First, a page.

Original article

Scand J Work Environ Health 1983;9 suppl 1:17-25    pdf

Health evaluation of employees occupationally exposed to methylene chloride: clinical laboratory evaluation

by Ott MG, Skory LK, Holder BB, Bronson JM, Williams PR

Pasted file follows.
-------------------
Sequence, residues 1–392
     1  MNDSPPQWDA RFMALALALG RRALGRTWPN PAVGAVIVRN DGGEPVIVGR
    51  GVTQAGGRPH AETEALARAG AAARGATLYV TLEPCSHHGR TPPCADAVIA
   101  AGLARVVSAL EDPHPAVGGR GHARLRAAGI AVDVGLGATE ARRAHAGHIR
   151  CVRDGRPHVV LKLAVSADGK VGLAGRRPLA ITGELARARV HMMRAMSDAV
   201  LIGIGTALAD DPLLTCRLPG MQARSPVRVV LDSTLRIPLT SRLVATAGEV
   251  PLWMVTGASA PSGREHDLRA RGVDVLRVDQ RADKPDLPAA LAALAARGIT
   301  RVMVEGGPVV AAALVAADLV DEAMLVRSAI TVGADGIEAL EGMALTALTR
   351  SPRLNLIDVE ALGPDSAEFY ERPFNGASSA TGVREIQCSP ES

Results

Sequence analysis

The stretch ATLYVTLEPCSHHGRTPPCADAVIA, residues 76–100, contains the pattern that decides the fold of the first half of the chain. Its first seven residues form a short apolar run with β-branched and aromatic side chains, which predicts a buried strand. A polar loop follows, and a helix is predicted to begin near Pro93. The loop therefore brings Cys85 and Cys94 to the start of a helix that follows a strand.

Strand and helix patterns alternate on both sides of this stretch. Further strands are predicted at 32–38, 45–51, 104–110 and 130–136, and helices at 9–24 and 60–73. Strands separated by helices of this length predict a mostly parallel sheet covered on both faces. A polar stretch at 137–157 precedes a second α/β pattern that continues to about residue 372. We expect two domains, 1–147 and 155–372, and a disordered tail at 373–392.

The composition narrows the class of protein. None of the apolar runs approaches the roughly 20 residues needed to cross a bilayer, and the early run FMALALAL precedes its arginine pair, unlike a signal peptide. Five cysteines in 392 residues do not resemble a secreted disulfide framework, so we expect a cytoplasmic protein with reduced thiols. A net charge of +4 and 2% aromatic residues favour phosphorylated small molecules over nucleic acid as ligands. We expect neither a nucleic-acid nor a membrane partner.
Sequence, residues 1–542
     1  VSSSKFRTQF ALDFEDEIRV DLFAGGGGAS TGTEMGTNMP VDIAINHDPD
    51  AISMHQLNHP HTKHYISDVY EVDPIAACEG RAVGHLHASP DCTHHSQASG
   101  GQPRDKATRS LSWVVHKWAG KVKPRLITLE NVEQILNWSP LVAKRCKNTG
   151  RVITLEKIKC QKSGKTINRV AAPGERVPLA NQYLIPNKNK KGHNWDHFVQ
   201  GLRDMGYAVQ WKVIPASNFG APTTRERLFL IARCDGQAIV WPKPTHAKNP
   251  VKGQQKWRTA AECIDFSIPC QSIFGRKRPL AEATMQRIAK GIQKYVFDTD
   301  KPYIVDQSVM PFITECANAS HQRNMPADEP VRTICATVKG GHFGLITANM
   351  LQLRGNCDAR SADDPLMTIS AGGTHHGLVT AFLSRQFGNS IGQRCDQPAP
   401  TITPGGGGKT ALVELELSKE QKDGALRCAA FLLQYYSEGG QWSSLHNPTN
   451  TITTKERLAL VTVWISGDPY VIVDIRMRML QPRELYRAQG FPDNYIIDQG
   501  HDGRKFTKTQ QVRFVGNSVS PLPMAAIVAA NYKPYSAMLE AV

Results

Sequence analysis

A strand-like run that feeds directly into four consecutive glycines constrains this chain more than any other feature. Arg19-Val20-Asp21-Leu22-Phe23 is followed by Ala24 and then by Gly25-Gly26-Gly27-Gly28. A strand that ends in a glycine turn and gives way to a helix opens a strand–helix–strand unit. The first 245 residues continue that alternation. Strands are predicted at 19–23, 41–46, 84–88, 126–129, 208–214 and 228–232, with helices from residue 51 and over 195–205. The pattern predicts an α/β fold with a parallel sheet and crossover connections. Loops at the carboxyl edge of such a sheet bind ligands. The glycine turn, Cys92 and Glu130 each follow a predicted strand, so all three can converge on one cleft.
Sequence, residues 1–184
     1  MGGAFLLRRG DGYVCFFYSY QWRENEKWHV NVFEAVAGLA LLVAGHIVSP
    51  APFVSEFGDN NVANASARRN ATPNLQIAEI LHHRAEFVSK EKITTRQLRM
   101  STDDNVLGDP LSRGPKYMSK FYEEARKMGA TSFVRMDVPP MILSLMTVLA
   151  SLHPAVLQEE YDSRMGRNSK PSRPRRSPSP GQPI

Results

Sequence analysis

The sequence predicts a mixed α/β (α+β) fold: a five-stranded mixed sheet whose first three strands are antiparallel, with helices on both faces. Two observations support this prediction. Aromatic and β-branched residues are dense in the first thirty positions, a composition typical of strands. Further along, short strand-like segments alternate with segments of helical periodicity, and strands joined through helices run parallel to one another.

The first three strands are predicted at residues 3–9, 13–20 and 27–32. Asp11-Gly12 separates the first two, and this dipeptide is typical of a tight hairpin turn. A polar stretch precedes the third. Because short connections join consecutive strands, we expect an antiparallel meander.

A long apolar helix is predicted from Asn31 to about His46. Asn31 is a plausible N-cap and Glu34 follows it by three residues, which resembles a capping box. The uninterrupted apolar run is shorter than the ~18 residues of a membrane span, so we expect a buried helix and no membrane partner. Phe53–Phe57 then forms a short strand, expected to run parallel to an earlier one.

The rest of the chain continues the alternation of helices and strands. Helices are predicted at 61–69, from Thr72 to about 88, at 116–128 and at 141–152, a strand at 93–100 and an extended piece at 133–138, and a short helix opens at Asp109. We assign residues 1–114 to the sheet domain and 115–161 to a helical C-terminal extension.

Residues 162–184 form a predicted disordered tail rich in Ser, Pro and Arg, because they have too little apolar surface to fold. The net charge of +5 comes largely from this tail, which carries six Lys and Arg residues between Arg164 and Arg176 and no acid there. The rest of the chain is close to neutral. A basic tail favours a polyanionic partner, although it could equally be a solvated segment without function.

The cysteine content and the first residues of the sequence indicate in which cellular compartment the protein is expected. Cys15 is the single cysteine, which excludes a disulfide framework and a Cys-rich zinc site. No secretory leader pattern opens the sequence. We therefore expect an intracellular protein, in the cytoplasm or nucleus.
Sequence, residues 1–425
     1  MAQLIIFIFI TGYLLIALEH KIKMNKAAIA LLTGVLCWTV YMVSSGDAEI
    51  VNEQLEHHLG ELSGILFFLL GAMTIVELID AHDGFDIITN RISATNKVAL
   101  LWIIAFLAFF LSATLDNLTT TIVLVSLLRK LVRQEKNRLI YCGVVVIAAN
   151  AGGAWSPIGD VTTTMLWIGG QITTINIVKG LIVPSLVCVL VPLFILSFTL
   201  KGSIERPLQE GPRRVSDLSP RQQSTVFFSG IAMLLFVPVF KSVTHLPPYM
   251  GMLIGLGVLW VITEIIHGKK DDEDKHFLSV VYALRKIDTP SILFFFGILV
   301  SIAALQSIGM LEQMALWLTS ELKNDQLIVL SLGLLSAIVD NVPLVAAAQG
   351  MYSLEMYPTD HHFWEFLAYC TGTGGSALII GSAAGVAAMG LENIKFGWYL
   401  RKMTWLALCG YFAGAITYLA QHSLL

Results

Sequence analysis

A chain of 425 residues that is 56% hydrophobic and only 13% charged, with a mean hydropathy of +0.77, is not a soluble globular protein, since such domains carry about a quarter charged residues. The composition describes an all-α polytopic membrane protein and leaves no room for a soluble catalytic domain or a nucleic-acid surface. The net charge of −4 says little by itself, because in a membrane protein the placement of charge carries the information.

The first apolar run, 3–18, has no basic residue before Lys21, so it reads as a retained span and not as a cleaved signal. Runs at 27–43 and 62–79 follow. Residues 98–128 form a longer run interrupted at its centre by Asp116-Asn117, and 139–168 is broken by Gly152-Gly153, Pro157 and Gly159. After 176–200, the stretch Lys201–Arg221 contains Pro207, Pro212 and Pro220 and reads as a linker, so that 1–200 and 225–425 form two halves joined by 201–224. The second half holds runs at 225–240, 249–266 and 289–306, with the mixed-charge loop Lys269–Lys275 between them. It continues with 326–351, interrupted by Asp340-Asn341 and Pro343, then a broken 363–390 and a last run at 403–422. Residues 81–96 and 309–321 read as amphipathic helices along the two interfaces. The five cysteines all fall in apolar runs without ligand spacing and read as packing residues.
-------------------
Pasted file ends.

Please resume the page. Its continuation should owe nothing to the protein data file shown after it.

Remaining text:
Hematopoietic effects seen in heavy cigarette smokers have been attributed to the carbon monoxide present in smoke. Since methylene chloride is partially metabolized in vivo to form carboxyhemoglobin, the pattern of hematologic changes relative to both the methylene chloride exposure and the cigarette smoking status of employees in two fiber production plants was investigated. Six serum constituents, changes in which could indicate liver injury, were also examined in relation to methylene chloride exposure. The observed increase in red cell counts, hemoglobin, and hematocrit among the women but not among the men exposed to about 475 ppm of methylene chloride was suggestive of a compensatory hematopoietic effect. Similar changes have been observed in cigarette smokers, but not necessarily only in women. Another frequently reported change in the hematology of smokers, increased mean corpuscular volume, was not seen with methylene chloride exposure. These findings suggest that some, but not all, of the hematologic changes observed in cigarette smokers may be explained on the basis of carbon monoxide alone. A dose-related increase in serum bilirubin was observed for both the men and the women exposed to methylene chloride. This appears to be an isolated finding, as no corresponding pattern of dose-related changes consistent with either liver injury or hemolysis was observed for other serum and blood constituents.